Scientific survey of telehealth/telemedicine in the US

The Robert Graham Center for Policy Studies in Family Medicine and Primary Care sent [grow_thumb image=”” thumb_width=”150″ /]surveys to more than 5,000 randomly selected phyicians, intentionally oversampling rural ones, and received a high 31% response (1,557 respondents). Fifteen percent of the respondents indicated that they used telehealth  according to the report  on the analysis the data (the terms telehealth and telemedicine are used interchangeably in this report), “Family Physicians and Telehealth: Findings from a National Survey”, co-written by six authors, which is available now.

Compared with non-users, family physicians who use telehealth  are more likely to practice in a rural location, be younger, have practiced for 10 or fewer years, and employ an electronic health record (EHR), says the report. Almost half (49 percent) of telehealth users practice as part of an organization that is not physician owned (e.g., an integrated health or hospital system). More than half of telehealth users reported using telehealth one to five times in the past year, while more than 23 percent reported using telehealth on more than 20 occasions during the same period. Almost half of telehealth users stated they had used real-time video consultations in the past 12 months. In addition, 55 percent of surveyed telehealth users had used telehealth services for diagnosis or treatment in the past 12 months, and one-fourth of surveyed telehealth users reported using telehealth services for chronic disease management.

Both users and non-users indicated that they believe that barriers to using telehealth in their practice include the cost of equipment, lack of training and lack of reimbursement by insurers. Overall, the findings of this survey confirm that family physicians see promise in the ability of telehealth to improve access to primary care services. The findings also suggest that telehealth is on the cusp of advancing from a tool used occasionally to a tool implemented on a routine basis. However, use of telehealth services will not become widely adopted until health systems are reformed to address barriers says the report.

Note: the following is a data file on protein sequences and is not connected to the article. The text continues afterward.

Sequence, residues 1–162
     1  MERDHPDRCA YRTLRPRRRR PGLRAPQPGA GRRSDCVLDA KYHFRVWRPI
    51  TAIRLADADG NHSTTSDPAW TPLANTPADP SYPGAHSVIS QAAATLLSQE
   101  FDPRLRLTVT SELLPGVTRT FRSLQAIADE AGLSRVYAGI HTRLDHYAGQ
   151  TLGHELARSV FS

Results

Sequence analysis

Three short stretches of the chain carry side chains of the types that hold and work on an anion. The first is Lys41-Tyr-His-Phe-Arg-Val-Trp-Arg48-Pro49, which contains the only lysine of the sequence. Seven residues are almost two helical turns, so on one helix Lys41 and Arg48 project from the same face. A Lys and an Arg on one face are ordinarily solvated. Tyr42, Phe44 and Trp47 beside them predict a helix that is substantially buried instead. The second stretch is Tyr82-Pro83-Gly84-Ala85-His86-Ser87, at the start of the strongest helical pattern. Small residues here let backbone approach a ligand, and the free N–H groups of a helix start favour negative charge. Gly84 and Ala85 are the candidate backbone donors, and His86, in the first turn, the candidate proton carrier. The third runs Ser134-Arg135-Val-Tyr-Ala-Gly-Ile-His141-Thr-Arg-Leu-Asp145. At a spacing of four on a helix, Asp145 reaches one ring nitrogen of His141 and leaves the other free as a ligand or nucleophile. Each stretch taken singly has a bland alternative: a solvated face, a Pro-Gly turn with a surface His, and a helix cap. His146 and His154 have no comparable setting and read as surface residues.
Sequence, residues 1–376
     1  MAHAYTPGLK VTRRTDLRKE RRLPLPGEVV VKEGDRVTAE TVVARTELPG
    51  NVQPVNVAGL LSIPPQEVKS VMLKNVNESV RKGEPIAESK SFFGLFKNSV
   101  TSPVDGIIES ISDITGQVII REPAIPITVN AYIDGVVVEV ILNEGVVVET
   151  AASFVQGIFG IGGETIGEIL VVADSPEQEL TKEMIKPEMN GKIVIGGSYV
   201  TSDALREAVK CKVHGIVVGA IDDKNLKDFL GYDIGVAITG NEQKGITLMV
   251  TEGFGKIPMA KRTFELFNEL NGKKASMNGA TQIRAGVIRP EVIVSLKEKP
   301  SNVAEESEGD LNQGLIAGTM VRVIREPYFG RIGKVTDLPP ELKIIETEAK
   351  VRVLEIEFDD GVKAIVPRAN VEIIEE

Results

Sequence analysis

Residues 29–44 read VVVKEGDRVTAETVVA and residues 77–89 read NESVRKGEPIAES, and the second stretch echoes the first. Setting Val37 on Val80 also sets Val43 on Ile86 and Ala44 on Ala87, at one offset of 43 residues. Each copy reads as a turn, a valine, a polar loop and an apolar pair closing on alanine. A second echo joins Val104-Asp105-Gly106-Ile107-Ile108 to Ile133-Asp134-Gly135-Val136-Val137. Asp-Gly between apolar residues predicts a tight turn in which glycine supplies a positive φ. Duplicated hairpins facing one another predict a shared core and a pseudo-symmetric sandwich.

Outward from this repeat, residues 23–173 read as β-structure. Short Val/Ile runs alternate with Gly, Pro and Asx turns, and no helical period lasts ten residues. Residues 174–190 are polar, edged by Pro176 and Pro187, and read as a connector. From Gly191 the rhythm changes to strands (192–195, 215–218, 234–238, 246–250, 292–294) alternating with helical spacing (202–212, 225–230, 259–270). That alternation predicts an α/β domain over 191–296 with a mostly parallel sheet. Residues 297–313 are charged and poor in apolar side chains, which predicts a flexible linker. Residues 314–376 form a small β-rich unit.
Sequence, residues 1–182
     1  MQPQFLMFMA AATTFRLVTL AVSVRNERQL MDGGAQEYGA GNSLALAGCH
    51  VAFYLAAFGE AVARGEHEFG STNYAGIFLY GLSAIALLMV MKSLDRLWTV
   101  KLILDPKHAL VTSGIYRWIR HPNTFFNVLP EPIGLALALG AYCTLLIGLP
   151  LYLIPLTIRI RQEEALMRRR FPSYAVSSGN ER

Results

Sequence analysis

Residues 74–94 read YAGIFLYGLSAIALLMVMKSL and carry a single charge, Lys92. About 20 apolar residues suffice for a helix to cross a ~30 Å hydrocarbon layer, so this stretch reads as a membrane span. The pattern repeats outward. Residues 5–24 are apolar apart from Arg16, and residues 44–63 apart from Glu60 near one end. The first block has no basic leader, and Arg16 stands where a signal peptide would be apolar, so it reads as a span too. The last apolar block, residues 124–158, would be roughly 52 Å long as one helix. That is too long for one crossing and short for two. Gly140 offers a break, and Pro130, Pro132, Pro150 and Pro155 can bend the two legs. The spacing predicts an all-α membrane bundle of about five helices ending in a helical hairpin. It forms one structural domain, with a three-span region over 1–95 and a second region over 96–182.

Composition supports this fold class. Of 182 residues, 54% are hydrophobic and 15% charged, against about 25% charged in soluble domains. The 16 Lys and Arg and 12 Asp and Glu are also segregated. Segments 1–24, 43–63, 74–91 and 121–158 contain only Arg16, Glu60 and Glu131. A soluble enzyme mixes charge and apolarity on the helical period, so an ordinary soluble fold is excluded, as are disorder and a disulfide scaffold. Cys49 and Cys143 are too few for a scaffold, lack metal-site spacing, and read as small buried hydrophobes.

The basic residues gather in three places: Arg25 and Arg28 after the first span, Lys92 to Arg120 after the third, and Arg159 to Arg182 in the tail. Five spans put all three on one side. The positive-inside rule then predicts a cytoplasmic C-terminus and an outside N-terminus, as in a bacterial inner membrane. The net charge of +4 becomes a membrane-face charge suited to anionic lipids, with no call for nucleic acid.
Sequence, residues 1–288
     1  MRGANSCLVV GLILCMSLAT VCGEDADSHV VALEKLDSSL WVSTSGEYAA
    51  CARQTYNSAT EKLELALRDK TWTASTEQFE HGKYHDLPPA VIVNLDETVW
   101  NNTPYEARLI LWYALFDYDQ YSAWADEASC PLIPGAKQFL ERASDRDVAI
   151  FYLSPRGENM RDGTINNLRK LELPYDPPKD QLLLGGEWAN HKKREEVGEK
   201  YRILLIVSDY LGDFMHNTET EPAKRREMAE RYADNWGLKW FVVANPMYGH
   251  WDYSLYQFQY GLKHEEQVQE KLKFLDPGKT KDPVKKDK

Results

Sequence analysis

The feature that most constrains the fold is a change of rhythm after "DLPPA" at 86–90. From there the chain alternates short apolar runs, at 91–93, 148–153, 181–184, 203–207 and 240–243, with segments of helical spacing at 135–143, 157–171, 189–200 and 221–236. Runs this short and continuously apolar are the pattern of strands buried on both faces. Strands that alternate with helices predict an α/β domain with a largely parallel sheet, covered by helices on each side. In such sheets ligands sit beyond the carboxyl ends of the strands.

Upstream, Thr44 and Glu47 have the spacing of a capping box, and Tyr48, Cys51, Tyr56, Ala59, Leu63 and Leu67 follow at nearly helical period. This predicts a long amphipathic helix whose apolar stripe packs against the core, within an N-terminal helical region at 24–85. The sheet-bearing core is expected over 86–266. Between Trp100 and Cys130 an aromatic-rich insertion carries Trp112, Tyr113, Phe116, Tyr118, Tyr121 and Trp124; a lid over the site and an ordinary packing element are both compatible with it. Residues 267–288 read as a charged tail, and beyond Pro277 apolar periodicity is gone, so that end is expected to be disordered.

The Robert Graham Center for Policy Studies in Family Medicine and Primary Care is an arm of the American Academy of Family Physicians and is a center for policy studies in family practice and primary care in Washington, DC, responsible for research and analysis to inform deliberations of the Academy in its public policy work and to provide a family medicine perspective to policy deliberations.

The telehealth report was funded by Anthem Inc, a health insurance company providing family health plans through several subsidiary companies.

Categories: Latest News.


  1. The findings also suggest that the growth of telemedicine is inevitable as it is being driven by technological changes and millions of people are already getting medical advice via digital digital tools. This improves access, saves money, and is the way of the future

  2. Chrys Meewella

    Quite right Brian. the tech change is driving a lot of the growth. However, in the USA in particular, there is also that barrier to the cross-state practice of telemedicine.caused by state legislation. Let’s hope the insurance issue resolves itself.